“Each of us in this room has warmed ourself at fires we did not build, and each of us has drunk from wells we did not dig.”
— Mark Shields, as heard, October 1997
I am not ashamed to confide, O Dearest and Most Equable of All Readers, that I have had a version of this particular post marinating in my brain for more than five years, from almost the first time I began laying finger to keyboard at this modest opinion emporium. Lord knows I have had numerous opportunities to release it over the intervening period, what with, in sequence, 20-something investment bankers, 30-something hedge fund traders, and 50-something private equity mavens each trumpeting to the stars the overweening brilliance and talent of their professional accomplishments to any and all who would listen, and to many who would not. For those among you who have noticed, the exposure and ridicule of hubris among the Great and Good, the not-so-great and not-so-good, and the patently pathetic yet surprisingly lucky has been an overarching concern and even gleeful entertainment in these pages. It is somewhat of a hobby of mine, undertaken and cultivated, if for no other reason, than to remind Your Humble Servant that he should indeed try strenuously to remain as humble as he can. Because he sure as shit isn’t anywhere near as clever or accomplished as he would like to pretend to be.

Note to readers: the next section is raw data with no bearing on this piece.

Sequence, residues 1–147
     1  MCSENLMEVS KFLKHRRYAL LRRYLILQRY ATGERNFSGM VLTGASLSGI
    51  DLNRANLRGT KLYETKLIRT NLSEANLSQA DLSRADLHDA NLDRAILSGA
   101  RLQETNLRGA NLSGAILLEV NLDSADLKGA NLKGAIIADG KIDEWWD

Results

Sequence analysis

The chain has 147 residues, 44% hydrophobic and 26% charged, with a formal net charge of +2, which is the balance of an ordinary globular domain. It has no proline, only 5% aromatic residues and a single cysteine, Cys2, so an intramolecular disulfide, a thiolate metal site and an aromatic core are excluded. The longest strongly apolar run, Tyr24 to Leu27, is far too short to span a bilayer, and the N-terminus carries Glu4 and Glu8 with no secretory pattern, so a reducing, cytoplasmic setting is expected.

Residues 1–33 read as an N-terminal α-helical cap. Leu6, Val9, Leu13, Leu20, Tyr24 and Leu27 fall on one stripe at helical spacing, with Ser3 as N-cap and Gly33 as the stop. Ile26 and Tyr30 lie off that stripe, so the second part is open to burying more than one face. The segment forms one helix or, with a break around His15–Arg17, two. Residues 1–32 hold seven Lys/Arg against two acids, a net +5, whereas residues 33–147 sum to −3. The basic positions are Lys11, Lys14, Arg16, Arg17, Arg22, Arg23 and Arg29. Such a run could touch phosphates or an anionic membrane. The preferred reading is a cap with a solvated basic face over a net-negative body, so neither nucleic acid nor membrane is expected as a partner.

To date, what has typically stayed my hand is an acknowledgement that any efforts to puncture the iron-clad self regard of the self-appointed financial elite would be doubly futile. First, because they would blink stupidly at me (metaphorically) for completely missing the point of their unquestionable magnificence, and second, because it has always seemed to me that the only people impressed by these individuals’ autofellation have been themselves. In other words, my targets have historically been both too impervious and too self-evidently ridiculous to bother.